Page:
As an Australian what could I take? This question weighed on my mind as we travelled into London. If I could find Tim Tams then in the interest of cultural exchange the 'Tim Tam suck' could be demonstrated but that's more S' thing. And where do you find Tim (or even Dick) Tams in London? Vegemite...maybe. Fosters? Maybe not. Then we experienced the trevor trove that is borough markets and I trotted back to the manor with the perfect combo. Not yabbies or witchetty grubs. Not king island cheese or Pumpkin scones from kingaroy. Or a meat pie. I had lamingtons and VB. Ahhhh. Imma started cooking at 5pm in the residents kitchen. Normally reheating a meal in this kitchen is tricky. It is very small and under equipped. I think maybe they want to discourage the use of the kitchen and so it has been made as uninviting as possible (the best way to discourage use of the kitchen would be to serve proper food but anyway...). there are no knives, no chopping boards. The only fridges are tiny and the stove is also a miniature and only one element works. Imma faced immense challenges cooking pasta for the multitudes. People were sent on begging missions to acquire saucepans big enough for the sauce and a pot to cook pasta in but they had little or no luck. Imma and another Italian girl, Valentina, cooked the sauce (I think they cut the onions etc with a penknife) but were stymied when it came to cooking the pasta. They ended up using a metal bowl that took forever to boil. A suggestion was made by Ambrose from Cameroon, to place a spoon in the water to help speed up the boiling. This was duly done but as the pasta had already been added to the water it had little effect.We stood in the corridor drinking and chatting and for awhile Jack ran up and down in his sleeping bag (no mean feat) and entertained the masses with his balloons. I spoke to people that in my whole time here I have never spoken to. There are some frenchies that are particularly tight knit. For awhile I suspected some sort of Gallic love triangle but am no longer sure. I spoke to one of the guys and he was nice and friendly. I still don't know his name.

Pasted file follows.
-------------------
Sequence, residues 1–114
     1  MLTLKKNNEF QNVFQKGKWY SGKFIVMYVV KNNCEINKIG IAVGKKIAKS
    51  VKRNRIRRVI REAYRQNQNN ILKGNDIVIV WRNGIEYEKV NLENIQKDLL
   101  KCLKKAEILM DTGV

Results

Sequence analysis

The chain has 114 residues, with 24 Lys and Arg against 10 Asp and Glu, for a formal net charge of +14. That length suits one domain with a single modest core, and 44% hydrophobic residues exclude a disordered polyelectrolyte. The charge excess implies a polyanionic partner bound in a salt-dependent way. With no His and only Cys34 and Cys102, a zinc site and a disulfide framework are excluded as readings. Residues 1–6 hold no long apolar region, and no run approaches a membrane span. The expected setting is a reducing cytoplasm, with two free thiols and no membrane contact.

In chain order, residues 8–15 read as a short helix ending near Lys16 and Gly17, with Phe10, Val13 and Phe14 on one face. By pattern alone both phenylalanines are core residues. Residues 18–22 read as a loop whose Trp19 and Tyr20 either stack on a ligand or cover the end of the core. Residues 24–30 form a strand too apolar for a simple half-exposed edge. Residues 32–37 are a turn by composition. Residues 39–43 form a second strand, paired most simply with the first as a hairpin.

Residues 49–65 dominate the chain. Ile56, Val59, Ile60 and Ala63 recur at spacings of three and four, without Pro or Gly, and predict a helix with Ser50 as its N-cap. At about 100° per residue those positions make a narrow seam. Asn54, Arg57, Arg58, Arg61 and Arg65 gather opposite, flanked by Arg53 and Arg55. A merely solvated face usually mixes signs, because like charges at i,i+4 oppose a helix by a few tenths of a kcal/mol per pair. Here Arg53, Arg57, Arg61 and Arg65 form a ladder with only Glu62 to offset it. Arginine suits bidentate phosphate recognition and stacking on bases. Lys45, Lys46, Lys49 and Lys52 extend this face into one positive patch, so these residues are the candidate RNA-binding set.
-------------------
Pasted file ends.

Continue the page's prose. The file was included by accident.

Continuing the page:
So the pasta was finito and Sangria was created and we all sat down for a lovely meal. And I had a laugh and stayed up way past my bedtime talking to adults and no longer felt quite so out of the loop. Thankfully there were no vodka shots (the vodka got consumed the night before when S and I were tucked up in bed listening to funny drunk conversations in the hallway) but Arek did bring some Zubrowka which is Polish vodka with a blade of bison grass in the bottle (really) and we drank it with juice and it was very nice.When I told people I had Australian beer for them to try they would say,"Fosters?" and I would shake my head, a look of horror on my face, tell them no self respecting Australian drinks Fosters and offer them a good old VB. The verdict on the VB was positive but then it's not the best beer in the world so maybe people were being polite. The lamingtons caused a bit of a stir and even though they were not really good specimens (they had a layer of caramel in the middle and the chocolate wasn't right) people exclaimed and said nice things. Again maybe they were being polite. I think the coconut was the clincher. Someone (maybe Enrique from Brazil) asked what was on the inside, was it bread? I felt like the mum in 'the castle' saying 'it's sponge cake darl'.Nicholas, from Orleans in France is going to become a father in September and my Mum had very kindly at my request sent over a copy of Possum Magic by Mem Fox. I presented him with this as we drank our VB and later after sampling a lamington he was able to say he had tasted one of the things that helped Hush become visible. He really got the book and spent ages poring over the illustrations and reading the story. Nice. I like to think of a little, I mean petite, french baby learning about echidnas and lamingtons and koalas and pavlovas. That's what cultural exchange is all about.